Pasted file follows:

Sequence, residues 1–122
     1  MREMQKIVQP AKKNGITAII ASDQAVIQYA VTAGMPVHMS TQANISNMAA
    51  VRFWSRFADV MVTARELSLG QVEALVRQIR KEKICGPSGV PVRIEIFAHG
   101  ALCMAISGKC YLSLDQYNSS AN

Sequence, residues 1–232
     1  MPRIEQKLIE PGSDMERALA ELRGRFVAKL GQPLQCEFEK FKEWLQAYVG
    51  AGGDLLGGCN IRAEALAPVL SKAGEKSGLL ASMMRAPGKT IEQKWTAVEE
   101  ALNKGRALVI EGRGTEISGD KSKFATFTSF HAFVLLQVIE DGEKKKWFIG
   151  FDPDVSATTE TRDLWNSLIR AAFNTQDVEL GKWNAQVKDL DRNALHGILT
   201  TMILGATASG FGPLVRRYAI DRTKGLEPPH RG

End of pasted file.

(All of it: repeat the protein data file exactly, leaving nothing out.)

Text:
Sequence, residues 1–122
     1  MREMQKIVQP AKKNGITAII ASDQAVIQYA VTAGMPVHMS TQANISNMAA
    51  VRFWSRFADV MVTARELSLG QVEALVRQIR KEKICGPSGV PVRIEIFAHG
   101  ALCMAISGKC YLSLDQYNSS AN

Sequence, residues 1–232
     1  MPRIEQKLIE PGSDMERALA ELRGRFVAKL GQPLQCEFEK FKEWLQAYVG
    51  AGGDLLGGCN IRAEALAPVL SKAGEKSGLL ASMMRAPGKT IEQKWTAVEE
   101  ALNKGRALVI EGRGTEISGD KSKFATFTSF HAFVLLQVIE DGEKKKWFIG
   151  FDPDVSATTE TRDLWNSLIR AAFNTQDVEL GKWNAQVKDL DRNALHGILT
   201  TMILGATASG FGPLVRRYAI DRTKGLEPPH RG